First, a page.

Each year more Americans are diagnosed with melanoma, the deadliest form of skin cancer. According to the National Cancer Institute, the rate of new melanoma cases among American adults has tripled since the 1970s.

Each year more Americans are diagnosed with melanoma, the deadliest form of skin cancer.

According to the National Cancer Institute, the rate of new melanoma cases among American adults has tripled since the 1970s.

With these rising numbers, experts say it’s extremely important to wear sunscreen any time you go outside, but not everyone heeds the warning.

Here are three myths about sunscreen that could be putting you in danger:

1. Sunscreen is not needed on cloudy days

According to the Skin Cancer Foundation, up to 80 percent of the sun’s UV rays can pass through the clouds. “Many people think they don’t have to wear sunscreen if this sun isn’t out, but that isn’t the case,” says Dr. Abby Van Voorhees, Professor and Chair of EVMS Dermatology. “If you’re going to be outside, it’s best to be cautious and apply sunscreen to any exposed areas of skin.”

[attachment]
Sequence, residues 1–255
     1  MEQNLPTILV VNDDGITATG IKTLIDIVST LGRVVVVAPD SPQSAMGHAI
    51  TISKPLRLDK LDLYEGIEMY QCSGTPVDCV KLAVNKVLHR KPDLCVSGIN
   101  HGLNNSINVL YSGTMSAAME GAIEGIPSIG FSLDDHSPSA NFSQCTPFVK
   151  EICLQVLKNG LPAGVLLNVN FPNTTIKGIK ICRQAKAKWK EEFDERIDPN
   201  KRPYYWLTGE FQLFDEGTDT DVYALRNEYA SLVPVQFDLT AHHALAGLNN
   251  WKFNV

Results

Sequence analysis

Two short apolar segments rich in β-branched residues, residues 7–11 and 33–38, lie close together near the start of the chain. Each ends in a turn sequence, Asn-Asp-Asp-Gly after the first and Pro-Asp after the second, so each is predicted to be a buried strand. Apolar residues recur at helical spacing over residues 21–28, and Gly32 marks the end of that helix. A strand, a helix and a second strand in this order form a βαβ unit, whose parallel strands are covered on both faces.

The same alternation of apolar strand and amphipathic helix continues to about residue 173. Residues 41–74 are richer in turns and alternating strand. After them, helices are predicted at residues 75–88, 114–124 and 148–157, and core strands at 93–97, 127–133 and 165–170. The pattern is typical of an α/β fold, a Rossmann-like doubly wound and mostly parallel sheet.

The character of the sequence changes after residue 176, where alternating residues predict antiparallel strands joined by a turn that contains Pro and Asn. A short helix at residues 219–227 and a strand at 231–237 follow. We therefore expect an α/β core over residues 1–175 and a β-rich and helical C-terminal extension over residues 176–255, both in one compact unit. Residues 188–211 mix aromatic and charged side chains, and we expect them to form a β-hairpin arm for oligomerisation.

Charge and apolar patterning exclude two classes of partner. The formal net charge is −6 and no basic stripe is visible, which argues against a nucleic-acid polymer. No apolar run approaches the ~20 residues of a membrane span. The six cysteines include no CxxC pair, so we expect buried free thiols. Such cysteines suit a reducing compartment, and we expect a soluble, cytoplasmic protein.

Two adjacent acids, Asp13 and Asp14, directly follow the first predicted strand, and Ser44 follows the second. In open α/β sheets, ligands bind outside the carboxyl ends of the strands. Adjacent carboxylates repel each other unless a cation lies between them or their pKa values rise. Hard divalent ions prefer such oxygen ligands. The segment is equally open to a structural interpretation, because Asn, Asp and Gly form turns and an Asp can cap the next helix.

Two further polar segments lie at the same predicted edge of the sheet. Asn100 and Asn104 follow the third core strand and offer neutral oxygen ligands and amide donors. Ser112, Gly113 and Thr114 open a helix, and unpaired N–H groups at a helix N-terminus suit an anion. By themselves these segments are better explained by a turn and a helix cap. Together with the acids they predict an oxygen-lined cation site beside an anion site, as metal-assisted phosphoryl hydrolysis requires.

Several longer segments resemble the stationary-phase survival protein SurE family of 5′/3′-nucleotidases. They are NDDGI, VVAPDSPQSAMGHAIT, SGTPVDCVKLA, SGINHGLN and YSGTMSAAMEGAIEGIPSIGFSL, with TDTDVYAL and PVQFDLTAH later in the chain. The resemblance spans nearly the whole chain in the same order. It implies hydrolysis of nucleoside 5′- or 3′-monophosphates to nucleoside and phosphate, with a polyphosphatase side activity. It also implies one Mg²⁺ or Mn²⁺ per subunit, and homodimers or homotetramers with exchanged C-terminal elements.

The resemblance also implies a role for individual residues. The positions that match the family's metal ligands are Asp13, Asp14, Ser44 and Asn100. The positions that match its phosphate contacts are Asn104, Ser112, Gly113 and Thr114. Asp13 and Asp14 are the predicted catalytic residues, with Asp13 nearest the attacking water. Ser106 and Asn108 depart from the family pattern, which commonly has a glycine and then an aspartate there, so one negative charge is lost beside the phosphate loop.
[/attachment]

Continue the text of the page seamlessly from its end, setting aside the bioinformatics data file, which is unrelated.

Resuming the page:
2. Applying sunscreen once before swimming is all you need

Pay close attention to the label on your sunscreen. In 2012, the Food and Drug Administration (FDA) required companies to print exactly how much time a user can expect to get the declared SPF level of protection while swimming. Only two times are permitted: 40 minutes or 80 minutes. After that, the FDA recommends reapplying.

3. Sunscreen accumulates over time on your body

Some people avoid using sunscreen due to their concern that it could be more dangerous than the sun. “Research shows this opinion isn’t correct,” says Dr. Van Voorhees. “Sunscreen doesn’t accumulate on the body and it’s a much bigger danger to put yourself at risk for skin cancer by avoiding it.”

Learn more about skin cancer risk by visiting EVMS Dermatology online or making an appointment by calling 757.446.5629.